Finally, the surface of the roof is covered with one layer of clay plaster. The arched roof always generates wind and reduces the heat which the roof has accumulated due to severe sun radiation. As mentioned earlier at night to the temperature, repelled by the roof, is quickly emitted. In addition, the designers used the massive form of the building, with rubble-filled spaces in walls and roofs, hypocausts, made of partially filled cavities, and shade walls and roofs to not only ensure that the sun never fell on, for instance, a thinner part of the roof, or inside rooms in summer with angled walls, but also they used the curve of the domes and vaults to minimize solar gain into the room below and speed up heat loss from the room through ventilated cupolas, or Hava kesh.


In hot and dry regions some materials have been used that each has a lower thermal mass and has the capability to store and keep as reserved the volume of heat neither. In Kashan in traditional buildings are used material composed of mud, unbaked brick, and its derivatives. In fact, mud and mortar can be used in such regions the same as Kashan, because there are no other building materials, that can be found in this region. During the hot season the absorbed temperature, mud, and unbaked bricks strongly resist the incessant sun rays and they have the perfect resistance. Here one must refer to the question of self-sufficiency in desert regions because all the earth excavated during housing construction is used as a building material in the form of mud. In the meantime, in cold seasons the chambers are warmed with very little heat and even the unbaked brick walls turn into massive and intact blocks after drying and are fully resistant and hardy.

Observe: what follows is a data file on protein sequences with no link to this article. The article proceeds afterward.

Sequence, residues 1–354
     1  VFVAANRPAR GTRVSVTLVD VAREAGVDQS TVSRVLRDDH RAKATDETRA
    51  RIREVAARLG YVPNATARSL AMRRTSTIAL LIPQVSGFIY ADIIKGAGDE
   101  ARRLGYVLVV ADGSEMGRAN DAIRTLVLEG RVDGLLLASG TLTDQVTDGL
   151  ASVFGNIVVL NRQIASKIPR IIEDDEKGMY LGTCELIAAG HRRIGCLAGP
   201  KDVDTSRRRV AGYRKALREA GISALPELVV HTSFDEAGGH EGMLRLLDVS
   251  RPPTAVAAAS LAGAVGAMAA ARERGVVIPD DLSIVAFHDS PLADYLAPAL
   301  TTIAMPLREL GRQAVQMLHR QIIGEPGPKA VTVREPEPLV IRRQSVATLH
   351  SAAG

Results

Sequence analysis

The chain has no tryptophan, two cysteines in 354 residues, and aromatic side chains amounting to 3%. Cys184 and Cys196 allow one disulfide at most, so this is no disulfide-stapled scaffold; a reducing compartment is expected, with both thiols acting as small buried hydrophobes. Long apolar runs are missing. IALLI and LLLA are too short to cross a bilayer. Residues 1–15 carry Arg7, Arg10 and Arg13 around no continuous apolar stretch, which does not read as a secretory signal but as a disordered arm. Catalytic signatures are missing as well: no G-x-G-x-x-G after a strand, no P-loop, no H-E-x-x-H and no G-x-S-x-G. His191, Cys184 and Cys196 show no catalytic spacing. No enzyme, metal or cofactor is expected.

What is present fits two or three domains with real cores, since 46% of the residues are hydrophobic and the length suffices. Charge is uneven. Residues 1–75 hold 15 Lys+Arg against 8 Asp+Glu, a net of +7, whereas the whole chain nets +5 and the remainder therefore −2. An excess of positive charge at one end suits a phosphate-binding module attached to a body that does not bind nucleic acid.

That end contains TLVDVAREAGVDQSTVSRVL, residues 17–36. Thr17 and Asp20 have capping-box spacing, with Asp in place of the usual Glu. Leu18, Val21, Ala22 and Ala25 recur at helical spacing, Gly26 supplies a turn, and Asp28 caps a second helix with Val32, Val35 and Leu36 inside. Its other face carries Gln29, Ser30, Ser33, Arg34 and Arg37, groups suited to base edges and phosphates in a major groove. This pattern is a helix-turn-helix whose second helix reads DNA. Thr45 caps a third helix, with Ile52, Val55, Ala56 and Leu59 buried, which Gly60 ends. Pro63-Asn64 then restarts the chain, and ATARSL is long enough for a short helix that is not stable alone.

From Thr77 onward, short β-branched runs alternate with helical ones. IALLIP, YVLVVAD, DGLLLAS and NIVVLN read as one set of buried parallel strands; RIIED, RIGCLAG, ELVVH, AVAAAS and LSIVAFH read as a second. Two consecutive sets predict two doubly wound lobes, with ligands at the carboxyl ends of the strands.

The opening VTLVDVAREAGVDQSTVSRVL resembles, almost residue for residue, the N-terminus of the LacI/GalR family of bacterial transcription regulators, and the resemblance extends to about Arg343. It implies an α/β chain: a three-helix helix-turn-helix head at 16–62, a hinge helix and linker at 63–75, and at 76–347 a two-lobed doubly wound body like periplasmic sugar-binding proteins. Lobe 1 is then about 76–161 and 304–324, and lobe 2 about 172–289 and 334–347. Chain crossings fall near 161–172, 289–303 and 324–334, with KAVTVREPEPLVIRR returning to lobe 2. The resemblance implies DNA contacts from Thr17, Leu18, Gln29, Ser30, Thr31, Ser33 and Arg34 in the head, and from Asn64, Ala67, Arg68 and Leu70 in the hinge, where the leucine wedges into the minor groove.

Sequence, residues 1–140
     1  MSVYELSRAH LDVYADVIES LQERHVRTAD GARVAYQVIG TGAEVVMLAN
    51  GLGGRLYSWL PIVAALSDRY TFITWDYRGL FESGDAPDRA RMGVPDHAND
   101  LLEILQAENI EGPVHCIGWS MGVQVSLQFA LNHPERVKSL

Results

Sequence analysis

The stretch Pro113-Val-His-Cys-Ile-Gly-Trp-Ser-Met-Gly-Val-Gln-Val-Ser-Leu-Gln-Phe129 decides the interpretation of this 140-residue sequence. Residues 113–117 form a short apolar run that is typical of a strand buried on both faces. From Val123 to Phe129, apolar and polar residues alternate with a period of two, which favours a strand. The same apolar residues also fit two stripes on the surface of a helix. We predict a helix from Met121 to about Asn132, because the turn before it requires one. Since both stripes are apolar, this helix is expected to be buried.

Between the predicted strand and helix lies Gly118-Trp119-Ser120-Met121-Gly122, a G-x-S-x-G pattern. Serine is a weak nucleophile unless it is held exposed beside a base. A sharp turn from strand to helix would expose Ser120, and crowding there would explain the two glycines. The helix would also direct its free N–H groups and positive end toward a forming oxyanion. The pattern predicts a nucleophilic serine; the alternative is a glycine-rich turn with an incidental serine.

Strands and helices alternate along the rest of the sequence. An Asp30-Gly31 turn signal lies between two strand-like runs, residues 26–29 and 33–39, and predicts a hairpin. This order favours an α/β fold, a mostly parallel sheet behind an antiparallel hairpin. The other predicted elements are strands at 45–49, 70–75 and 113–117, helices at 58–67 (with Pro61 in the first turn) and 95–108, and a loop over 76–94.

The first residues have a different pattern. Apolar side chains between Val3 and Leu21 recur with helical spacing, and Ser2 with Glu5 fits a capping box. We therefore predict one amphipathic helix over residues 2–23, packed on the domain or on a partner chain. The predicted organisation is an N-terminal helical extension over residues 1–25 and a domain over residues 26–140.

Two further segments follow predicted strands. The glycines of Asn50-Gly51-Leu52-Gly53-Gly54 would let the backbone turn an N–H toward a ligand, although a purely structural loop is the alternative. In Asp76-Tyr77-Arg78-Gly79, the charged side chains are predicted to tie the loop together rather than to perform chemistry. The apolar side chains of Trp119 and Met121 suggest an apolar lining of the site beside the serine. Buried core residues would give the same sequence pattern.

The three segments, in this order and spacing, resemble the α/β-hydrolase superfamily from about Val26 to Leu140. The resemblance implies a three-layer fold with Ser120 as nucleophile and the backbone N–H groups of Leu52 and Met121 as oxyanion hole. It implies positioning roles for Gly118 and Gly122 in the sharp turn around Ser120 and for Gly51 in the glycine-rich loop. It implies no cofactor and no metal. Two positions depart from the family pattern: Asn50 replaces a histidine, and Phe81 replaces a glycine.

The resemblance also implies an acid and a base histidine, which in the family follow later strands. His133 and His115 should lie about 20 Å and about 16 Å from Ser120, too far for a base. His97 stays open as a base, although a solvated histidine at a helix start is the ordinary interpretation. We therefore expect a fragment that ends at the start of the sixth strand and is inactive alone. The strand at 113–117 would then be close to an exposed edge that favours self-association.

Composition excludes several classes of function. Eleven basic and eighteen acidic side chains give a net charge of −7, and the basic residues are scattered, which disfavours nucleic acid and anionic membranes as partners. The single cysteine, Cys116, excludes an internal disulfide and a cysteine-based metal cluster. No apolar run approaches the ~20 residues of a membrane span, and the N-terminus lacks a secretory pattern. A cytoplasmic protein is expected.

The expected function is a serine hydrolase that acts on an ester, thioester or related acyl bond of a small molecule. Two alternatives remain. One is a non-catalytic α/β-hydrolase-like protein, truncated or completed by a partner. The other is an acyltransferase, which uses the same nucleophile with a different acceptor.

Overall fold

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The walls and roofs of buildings in a hot and humid climate are painted with light colors which it will play the best role in absorbing the sun’s rays and radiation. Of course, the amount of heat the internal space of a building takes in depends largely on the thermophysical features of layers. Light colors painted on external surfaces of a building also play an effective role to decrease the daily level of temperature caused by reflected sun’s radiations, increasing the thermal stability, and capacity and finally providing the community with comfort at night. However, plastering (white plastering) is not repeated time after time, it is natural that the building should take in and absorb solar energy the most due to its exterior surfaces.